For my birthday Ellen gave me a book called Hippie. Not just because I was and maybe still am one. But because separately on opposite coasts and from very different backgrounds we shared so much in the years 1965-71 (the years covered by the book)—from the rise of pot and the Merry Pranksters to the deaths of Jimi and Janis and the mainstreaming of long hair. They were giddy times, college and post-college; we thought the world really had changed. Ellen and I met, at Keystone in 1972, still in bell bottoms, and began careers as ski instructors. Maybe we were still hippies then? I don’t know if you could be a professional in the ski industry and a hippie at the same time. Maybe.
The other reason Ellen chose the book was the double meaning in its title. I was headed for hip replacement surgery four days after my birthday bash. I am home now, a recipient of more high-tech joint hardware. Now I’m really hip. Can’t get no more hip. Terminally hip (since I have no more hips to replace).
Of course, going under the knife again one thinks about possible complications, including terminal complications. To dispel those thoughts, to keep a steady stream of good energy going in the days prior, I listened a lot to two of my other birthday presents. One was the Leonard Cohen live in London album. The other was Van Morrison’s new live version of his classic 1968 recording Astral Weeks. “And I will stroll the merry way and jump the hedges first/And I will drink clear clean water for to quench my thirst.” “If I ventured in the slipstream/Between the viaducts of your dreams/. . . Could you find me?/Would you kiss my eyes?”
Great stuff, musical poetry that transcends eras. The party that Ellen and Beth Jones threw for me and for Bill Liske (I am one day older than Bill) featured a bevy of 60-year-olds: avalanche forecaster extraordinaire Jerry Roberts; artist/ski instructor Burnie Arndt; guide and globe-shopper Liske; filmmaker, Renaissance dad Edgar Boyles. (There were lovely women of a certain age, too, though none of them were volunteering specific numbers.) Arndt’s present to everyone was to set up a studio in a back bedroom and take Irving Penn style portraits of all the revelers.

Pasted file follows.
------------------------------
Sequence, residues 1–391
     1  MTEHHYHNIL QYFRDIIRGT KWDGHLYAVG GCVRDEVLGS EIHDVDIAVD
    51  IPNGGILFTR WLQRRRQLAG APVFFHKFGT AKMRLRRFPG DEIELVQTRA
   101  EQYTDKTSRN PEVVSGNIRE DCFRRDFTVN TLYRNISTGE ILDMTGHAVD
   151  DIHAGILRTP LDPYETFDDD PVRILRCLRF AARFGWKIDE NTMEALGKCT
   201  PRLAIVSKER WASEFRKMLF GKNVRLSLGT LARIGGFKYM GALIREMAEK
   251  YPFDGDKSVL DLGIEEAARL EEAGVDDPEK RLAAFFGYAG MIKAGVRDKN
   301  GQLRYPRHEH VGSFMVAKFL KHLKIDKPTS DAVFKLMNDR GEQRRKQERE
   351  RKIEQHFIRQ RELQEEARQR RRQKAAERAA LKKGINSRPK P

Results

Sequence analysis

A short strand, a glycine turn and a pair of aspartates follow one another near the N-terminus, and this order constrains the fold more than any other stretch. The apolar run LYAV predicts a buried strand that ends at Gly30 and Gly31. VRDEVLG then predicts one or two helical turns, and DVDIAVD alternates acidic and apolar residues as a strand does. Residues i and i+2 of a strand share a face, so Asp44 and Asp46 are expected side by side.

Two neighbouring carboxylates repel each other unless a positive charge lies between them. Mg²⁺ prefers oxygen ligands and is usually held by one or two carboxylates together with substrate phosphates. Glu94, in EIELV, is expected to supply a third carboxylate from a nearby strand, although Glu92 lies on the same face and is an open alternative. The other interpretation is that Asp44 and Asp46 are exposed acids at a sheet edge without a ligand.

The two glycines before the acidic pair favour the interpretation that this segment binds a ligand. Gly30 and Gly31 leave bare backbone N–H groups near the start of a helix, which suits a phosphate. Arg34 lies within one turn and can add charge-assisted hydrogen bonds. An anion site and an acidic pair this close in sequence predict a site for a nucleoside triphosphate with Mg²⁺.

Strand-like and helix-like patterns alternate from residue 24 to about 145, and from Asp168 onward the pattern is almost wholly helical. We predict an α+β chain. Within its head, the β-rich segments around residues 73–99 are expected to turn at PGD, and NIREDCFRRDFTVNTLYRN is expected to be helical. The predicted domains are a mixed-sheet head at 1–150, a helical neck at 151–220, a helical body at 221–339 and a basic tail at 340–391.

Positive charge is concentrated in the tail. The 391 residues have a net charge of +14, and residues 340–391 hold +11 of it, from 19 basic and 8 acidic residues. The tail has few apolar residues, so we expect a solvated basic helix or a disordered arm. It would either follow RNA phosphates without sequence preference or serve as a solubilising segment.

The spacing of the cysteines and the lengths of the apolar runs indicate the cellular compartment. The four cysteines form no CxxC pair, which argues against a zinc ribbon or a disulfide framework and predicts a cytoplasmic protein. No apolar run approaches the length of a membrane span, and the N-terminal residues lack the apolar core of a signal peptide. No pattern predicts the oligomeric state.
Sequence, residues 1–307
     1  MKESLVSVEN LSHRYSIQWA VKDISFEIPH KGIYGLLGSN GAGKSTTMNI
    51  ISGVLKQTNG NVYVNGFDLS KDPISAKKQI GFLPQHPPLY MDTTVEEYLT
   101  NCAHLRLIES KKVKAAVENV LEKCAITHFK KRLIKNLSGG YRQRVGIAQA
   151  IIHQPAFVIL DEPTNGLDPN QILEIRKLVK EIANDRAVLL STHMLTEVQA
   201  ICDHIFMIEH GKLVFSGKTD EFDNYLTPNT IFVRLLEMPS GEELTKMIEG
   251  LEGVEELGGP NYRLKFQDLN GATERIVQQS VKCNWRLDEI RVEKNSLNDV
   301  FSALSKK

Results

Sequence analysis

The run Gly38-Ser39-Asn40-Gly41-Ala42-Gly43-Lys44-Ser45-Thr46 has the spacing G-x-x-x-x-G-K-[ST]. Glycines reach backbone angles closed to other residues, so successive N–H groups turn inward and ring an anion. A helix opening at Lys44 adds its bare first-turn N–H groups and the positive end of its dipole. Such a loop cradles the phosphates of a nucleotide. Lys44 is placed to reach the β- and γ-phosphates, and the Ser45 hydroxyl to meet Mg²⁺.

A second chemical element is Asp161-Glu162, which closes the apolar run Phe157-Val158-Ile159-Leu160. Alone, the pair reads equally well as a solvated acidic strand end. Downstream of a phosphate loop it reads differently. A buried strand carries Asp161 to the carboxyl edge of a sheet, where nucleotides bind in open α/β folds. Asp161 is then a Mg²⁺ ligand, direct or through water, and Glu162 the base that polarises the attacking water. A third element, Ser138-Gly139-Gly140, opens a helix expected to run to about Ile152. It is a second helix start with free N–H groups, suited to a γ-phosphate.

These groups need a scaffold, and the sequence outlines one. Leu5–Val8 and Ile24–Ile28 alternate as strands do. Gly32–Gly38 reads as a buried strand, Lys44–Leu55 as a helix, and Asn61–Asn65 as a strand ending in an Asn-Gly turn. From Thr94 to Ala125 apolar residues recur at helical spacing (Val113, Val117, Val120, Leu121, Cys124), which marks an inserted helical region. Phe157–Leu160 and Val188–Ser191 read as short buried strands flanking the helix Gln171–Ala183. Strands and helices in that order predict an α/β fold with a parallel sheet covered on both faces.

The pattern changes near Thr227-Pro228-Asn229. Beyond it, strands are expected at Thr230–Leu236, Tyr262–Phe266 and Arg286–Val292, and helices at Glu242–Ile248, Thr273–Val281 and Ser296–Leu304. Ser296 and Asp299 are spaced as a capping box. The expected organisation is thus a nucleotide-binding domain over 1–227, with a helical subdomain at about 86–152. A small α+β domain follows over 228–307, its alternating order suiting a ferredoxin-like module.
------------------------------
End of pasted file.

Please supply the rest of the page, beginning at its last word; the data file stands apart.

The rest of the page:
Not unsurprisingly perhaps, there were at least four artificial hips in the joint, three by the same surgeon. Burnie is one.
We are all falling apart in various ways at various speeds. There’s a great line in Cohen’s song “Tower of Song”: “My friends are gone and my hair is gray/I ache in the places I used to play.”
Early in the concert he muses on the flight of time. He tells the audience “It’s been a long time since I stood on a stage in London. About 14 or 15 years. I was 60. Just a kid with a crazy dream.”
Despite his years—with a voice deep as a well and a reputation as a writer of apocalyptic satire—the concert, and the disk, is not glum; it is beautifully, surprisingly uplifting. It is very much about death. In “Who By Fire” Cohen lists a myriad ways to go: “who by brave ascent, who by accident…who by avalanche, who by powder. Who shall I say is calling?” Obviously, it’s the Grim Reaper calling. Another song is called “Closing Time.”
But most of the music does, in fact, celebrate what is left to do. You get the feeling that Cohen, at 75, is still into sex, still into the ladies, still parsing the mysteries with his word-gift. “Ring the bells that still can ring. Forget your perfect offering. There is a crack in everything. That’s how the light gets in.”
Burnie Arndt appeared unexpectedly in my hospital room a few days later. I was sitting up in a chair for the first time since surgery. He handed me a box of prints from his portrait shoot at the party. There we all were in various states of inebriation, each face a study in six decades, more or less, of wear and tear—inherited designs, well-earned smile lines, and lines you’d more likely describe as representing the ravages of sun and wind and time.
Don’t get me wrong; we looked good. We looked hip, extremely hip, and ready for more. All of us cracked, yes, but with the light still shining through.